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3 compensations factors that make companies great.

The great resignation marches on and in the U.S. unemployment is near record lows. Millions of people left the workforce due to the pandemic. Whether it was creating their own income streams or boomers retiring, there are a shortage of workers in the U.S. Now let’s be very clear here, the available jobs are not high end 6 figure salary roles. Sure there are some of those but nearly everyone has leveled up, so your traditional entry level positions are the ones that have the most openings presently.

Regardless of when you get a new job or if you are evaluating your current company there is one truism you always have to remember. Companies need you to perform tasks so they can make money. You wouldn’t be employed if you weren’t either generating income for the corporation, or supporting others who did. So in this sellers’ market (you the employee are the seller) we can now be even more selective of the places we want to work. There are 3 compensation factors that make companies great. This may not be in line with other lists you see out there but from an employee’s stand point, here they are.

Surviving 2020 & covid
Great, another list…..
  1. A robust retirement plan: This includes employer match, Roth and Traditional 401K/403B options. This should be managed through a large firm like a fidelity and the vesting time line is no longer than 3 years. Retirement planning is critical and most successful retirees in the modern era have created wealth through automatic withdrawals via their employer’s plan.
  • Comprehensive benefits: Health Insurance is obvious but you should have 3+ plans to choose from. Dental, LTD, STD, a 1-year life insurance of your salary. There should be A good PTO (Paid time off plan) that scales based on tenure. Every 5 years you should receive 1 additional week of PTO capping at 6 to 8. PTO should be one lump sum, vacation and sick and you get to manage it. Along with major federal holidays. This is where you really get value as this is part of your compensation package. It’s not just the annual salary, it’s the sum of the value of these “perks” as well.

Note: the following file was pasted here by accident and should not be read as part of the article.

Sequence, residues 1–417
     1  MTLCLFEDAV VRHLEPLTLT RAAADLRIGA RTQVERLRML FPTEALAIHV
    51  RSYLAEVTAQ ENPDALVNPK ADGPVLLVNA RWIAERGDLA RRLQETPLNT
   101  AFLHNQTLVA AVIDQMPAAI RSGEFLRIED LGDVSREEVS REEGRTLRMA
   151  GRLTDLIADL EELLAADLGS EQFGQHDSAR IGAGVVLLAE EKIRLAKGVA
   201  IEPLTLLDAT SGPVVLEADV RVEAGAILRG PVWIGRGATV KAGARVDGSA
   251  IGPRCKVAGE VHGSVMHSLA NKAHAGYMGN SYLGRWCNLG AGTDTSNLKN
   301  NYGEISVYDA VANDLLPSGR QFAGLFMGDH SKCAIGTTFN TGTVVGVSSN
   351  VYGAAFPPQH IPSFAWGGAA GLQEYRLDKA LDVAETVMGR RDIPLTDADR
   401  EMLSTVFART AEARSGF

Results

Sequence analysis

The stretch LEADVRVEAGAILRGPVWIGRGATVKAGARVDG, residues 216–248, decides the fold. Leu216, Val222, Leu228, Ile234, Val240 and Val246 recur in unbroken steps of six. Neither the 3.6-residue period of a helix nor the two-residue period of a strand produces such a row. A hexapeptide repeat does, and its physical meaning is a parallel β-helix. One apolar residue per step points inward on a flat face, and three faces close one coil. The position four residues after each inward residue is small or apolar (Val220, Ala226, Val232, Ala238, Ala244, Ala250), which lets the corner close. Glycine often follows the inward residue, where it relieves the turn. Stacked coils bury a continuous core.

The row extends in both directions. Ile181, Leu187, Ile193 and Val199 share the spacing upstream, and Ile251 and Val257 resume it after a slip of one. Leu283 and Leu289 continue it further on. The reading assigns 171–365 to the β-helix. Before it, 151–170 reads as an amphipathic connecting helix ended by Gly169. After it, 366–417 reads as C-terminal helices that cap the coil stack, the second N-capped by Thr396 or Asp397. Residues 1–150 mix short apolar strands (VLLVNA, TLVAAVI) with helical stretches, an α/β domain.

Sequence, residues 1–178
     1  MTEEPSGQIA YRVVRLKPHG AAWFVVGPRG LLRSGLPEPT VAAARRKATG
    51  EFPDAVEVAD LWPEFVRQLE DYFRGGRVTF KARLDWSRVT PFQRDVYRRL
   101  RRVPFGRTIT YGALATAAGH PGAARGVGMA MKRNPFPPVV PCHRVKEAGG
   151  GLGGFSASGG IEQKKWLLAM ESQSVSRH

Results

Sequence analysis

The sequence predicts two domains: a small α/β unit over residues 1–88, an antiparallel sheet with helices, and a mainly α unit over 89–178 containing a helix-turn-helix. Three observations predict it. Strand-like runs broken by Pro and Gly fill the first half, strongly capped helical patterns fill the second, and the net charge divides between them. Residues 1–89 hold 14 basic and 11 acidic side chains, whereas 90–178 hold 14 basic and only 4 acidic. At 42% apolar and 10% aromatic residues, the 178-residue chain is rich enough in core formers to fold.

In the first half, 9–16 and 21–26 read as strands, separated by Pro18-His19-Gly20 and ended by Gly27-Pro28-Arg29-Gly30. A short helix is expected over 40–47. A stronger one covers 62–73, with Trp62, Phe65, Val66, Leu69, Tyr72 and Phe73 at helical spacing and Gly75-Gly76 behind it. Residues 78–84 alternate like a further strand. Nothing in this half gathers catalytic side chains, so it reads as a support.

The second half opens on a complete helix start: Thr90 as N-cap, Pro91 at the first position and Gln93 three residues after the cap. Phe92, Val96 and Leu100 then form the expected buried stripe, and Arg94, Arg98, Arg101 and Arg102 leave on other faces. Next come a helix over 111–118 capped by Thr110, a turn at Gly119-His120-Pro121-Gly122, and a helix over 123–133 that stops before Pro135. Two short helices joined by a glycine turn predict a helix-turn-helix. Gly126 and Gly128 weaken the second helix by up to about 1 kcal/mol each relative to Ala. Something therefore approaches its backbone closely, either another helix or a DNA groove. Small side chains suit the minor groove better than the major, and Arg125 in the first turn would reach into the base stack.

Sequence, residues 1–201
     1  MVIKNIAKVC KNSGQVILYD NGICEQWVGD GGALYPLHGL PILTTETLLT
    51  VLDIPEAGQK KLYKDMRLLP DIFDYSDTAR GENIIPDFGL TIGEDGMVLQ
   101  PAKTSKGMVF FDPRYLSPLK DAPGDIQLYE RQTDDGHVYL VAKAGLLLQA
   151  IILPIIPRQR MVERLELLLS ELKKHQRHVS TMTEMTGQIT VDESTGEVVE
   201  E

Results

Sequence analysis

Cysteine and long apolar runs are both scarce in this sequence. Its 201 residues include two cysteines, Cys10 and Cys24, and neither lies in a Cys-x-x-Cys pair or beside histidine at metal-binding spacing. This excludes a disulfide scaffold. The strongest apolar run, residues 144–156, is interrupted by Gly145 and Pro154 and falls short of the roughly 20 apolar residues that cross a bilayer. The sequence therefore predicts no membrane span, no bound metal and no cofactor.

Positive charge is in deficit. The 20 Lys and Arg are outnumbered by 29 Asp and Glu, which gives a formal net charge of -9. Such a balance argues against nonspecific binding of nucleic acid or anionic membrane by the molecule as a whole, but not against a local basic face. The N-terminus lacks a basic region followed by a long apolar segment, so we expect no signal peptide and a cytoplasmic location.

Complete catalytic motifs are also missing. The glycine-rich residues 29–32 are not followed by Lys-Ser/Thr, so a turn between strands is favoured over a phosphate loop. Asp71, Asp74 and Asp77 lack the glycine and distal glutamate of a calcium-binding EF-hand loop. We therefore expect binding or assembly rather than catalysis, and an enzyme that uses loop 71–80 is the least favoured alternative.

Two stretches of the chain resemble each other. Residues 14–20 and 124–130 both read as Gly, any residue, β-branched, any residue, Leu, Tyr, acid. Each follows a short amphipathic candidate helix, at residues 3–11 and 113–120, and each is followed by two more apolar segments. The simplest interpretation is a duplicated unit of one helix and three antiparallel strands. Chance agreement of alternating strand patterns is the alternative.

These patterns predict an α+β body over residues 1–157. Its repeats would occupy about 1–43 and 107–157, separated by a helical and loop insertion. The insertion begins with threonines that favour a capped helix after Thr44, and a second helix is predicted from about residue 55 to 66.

• Profit sharing: This is one of the rarest benefits you’re going to see out there. If you get into a company with this benefit you really lucked out. Most corporations keep their profits to make distributions to their shareholders. There is nothing wrong with that, they are paying you a salary and offering you benefits. It’s a fair exchange and one that has been the norm for decades. Profit sharing can come in all sorts of forms. Ideally what you get is if the company has a surplus to budget at the end of the year that amount is distributed to employees. Some managers are offered “profit sharing” of some form. I got quarterly performance bonuses based on budget performance in one role.

The 3 items listed above are in addition to your base salary. This is a sellers’ market and employees are now in a situation where they are empowered to create very good deals for themselves. THIS WILL NOT LAST FOREVER. Look, work isn’t meant to be easy. It’s likely you fall into one of two categories. You are either someone who truly loves what they do, or you work to obtain income so you can do the things you truly love.

Most of us fall into the latter category. Work is a means to get income to live life. The more perks you can get the better life becomes. Now is the time to look around, see what’s out there, measure your current work situation. Believe me if the situation was reversed and there was a surplus of workers your company would be looking to see if they could pay you less.

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One key thing to do to getting the job you want

It’s a hot job market right now in the west, at least in the U.S. where I am. Employers are throwing all sorts of incentives at people. Why this is happening is a complex mix of covid lockdowns, early retirements, people getting other jobs, supply shortages, you name it. So as someone looking for a job you are in a fantastic position. Changing jobs is the single best way to increase your employer based income. Simply put, when you get a new job you likely do so with a 5-25% increase in pay.

Promotions happen too, but it’s not as likely as you going out and getting a new job for more money. How do you get the job you want though? It’s one thing to get another job, there are plenty out there and chances are you’ll make more but how do you get a job you really want?

Before I answer that question we have to be clear here. I want to be a base player for a rock band and play in front of thousands of people. That’s not going to happen, lol. The “key thing” only applies to realistic career expectation. If you are a financial planner and you want to be a brain surgeon this probably won’t work.